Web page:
Inserting a lifeline after the fact

Tom Hart's picture

I’m working on a double-knit pair of fingerless gloves. Like most of my projects it’s a learn-as-you-go affair. With single layer stuff I don’t really have a problem taking it off the needles and ripping it back and putting it back on the needles. Sometimes anyway. But with double knitting projects whenever I’ve done that it has always turned into a bit of a clusterphuque, if you’ll pardon my Irish.

So I decided to get a couple of size 000 addi turbos (one for each layer/side) and pick up the first leg of each stockinette stitch all the way around and then turn the whole thing inside out and do it all over again on the other side. I’ve tried it a few times and up until today it had never worked and I always ended up having to start over. Today I took the work out into direct sunlight and worked very slowly and carefully and it worked! I’m always amazed when an old dog like myself can learn a new trick like this.

Comments

JorahLavin's picture

I just took a lace shawl out

I just took a lace shawl out of storage to start work on it after ...oh, six month or so. I counted stitches and discovered I was one short. As I started investigating, I discovered a few other mistakes, requiring a rip back. So glad that I have a lifeline about an inch back, and very distressed to find that the lifeline has "fallen out" of about 5 stitches on one end, and about 20 on the other end. Lace weight yarn on size 4 needles. I can barely even tell which stitch goes with which row.

I was so distressed that I did housework today rather than attempt to pick up those missing stitches. House looks better, shawl doesn't.

I'll adopt your method of Bright Sunshine when I go to do it. Thanks!

-Jorah of Indian Land, SC

Tom Hart's picture

I wish you the best of luck,

I wish you the best of luck, Jorah. Lace weight yarn on size 4 needles. That's a serious challenge. Sunlight for sure. If you can rig up some kind of magnifying lens, that couldn't hurt either. I'll make an offering in my imagination to the knitting gods for you tonight. It does sound seriously challenging though. With any luck MMario will ride to the rescue with the perfect suggestion. All the best, Tom

Nehkhasi's picture

Love the fact that you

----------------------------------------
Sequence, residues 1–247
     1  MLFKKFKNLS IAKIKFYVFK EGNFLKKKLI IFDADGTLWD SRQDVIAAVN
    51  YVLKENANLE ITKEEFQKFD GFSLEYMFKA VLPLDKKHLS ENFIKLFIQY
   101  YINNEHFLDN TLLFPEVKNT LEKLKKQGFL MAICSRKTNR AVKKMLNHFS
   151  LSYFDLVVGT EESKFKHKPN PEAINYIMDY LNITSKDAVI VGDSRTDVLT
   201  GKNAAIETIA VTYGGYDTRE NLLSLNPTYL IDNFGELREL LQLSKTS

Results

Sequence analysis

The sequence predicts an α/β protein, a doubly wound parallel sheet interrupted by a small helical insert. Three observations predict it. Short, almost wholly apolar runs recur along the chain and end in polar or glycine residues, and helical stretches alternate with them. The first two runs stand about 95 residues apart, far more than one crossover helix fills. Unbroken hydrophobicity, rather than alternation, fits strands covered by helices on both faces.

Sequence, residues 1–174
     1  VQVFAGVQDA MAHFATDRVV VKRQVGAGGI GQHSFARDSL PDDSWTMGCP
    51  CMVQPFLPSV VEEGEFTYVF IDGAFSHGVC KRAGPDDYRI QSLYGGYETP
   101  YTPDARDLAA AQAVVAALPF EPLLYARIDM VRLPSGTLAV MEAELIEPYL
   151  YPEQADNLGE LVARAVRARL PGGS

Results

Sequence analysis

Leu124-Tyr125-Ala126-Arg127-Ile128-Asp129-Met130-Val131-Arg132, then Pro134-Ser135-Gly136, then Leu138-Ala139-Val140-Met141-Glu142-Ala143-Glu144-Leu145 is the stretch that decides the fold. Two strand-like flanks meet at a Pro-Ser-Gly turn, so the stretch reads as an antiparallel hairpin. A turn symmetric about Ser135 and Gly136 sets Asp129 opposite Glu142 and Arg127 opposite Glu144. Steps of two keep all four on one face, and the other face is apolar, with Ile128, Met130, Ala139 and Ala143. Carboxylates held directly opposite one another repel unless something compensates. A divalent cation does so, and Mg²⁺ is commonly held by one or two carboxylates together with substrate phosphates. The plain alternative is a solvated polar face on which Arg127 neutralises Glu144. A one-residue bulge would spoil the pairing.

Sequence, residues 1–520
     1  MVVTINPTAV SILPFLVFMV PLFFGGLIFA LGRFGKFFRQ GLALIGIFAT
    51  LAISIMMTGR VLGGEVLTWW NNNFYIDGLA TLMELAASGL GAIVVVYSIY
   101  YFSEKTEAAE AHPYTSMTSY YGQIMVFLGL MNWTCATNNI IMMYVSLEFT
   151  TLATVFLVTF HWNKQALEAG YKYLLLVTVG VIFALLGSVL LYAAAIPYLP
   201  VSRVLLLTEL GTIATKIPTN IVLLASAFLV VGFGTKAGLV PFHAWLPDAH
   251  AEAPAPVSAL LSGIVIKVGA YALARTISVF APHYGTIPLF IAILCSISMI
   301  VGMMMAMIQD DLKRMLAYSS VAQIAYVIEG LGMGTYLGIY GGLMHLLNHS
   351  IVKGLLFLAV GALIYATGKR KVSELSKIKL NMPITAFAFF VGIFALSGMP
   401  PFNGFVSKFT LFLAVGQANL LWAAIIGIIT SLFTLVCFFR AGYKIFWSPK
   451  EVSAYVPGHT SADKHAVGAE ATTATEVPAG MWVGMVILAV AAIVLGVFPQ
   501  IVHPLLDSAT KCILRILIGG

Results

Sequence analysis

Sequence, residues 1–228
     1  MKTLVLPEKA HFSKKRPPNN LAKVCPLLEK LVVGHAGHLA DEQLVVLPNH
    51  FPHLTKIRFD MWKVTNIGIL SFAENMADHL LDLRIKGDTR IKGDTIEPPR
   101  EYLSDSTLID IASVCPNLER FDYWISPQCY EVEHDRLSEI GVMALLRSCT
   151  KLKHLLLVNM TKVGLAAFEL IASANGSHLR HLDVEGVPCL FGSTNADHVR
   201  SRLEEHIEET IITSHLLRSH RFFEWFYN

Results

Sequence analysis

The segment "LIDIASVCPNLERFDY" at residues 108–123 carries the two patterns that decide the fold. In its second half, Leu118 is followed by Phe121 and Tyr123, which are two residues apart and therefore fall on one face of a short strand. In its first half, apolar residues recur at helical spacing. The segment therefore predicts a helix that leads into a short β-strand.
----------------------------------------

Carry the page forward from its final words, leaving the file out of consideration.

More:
Love the fact that you figured out what needed to be done and you did it! I have to admit that in the beginning I was a lazy knitter! :-( I didn't want to do what was needed in order to make the work wonderful. I'm learning now the discipline and patience to take loving time to care for your work of art. Also, I love the relationship that you and Andy have had, to be student and mentor. That sounds like one great big blessing. Happy Knitting! Nehkhasi

Tom Hart's picture

Thanks, Nehkhasi, and may I

Thanks, Nehkhasi, and may I offer a belated welcome to the group. Everything everyone has said is true. Lots of help, support and encouragement here for guys who knit. And yes, I was very lucky indeed in my first year of learning to knit. I was fortunate to get a lot of direct support and instruction from a number of guys in this group. If it weren’t for them, I wouldn’t be knitting. It’s as simple as that.

AKQGuy's picture

Doesn't that feel good? I

Doesn't that feel good? I love the mixed up sensation of joy at figuring out, and relief that you don't have to tear it all out.

Crafty Andy's picture

Visit Crafty Andy's Blog

Visit Crafty Andy's Blog
Glad that you are finally making mittens, you always said you wanted to , great job. You know I am only half Klingon so I don't bite unless requested to, and you owe me no money so I hope we are still kind of friends. lol

Tom Hart's picture

I remember well those early

I remember well those early days of learning to knit when I’d be at home and run into a situation that I just couldn’t understand and I would have to wait until Monday night and bring it in. Frequently I would be sitting next to you and I’d hand you the mess and you would study it silently and very carefully and then you’d explain to me what I’d done and how I could do it differently. Very soon when I ran into a problem, I started to ask myself, “Well, what would Andy do?” And the first thing you’d do, of course, would be to study the work very carefully. It was an important lesson you taught me. Along with quite a few others, of course. I’ve missed knitting with you.

Crafty Andy's picture

Visit Crafty Andy's Blog

Visit Crafty Andy's Blog
Glad you still love me, I love you too buddy, you are a very inspiring fellow to be working along with. Always wishing you success, hope you can share some pictures with us. Are you using a specific pattern.

TheKnittingMill's picture

I love it when, after

I love it when, after working at something unsuccessfully for a while, it finally clicks! Congrats!

The Knitting Mill

Joe-in Wyoming's picture

Congrats. I have to agree

Congrats. I have to agree that the feeling of finally conquering a setback that you just Know you can solve is really a big boost for the ego. -- Books, knitting, cats, fountain pens...Life is Good.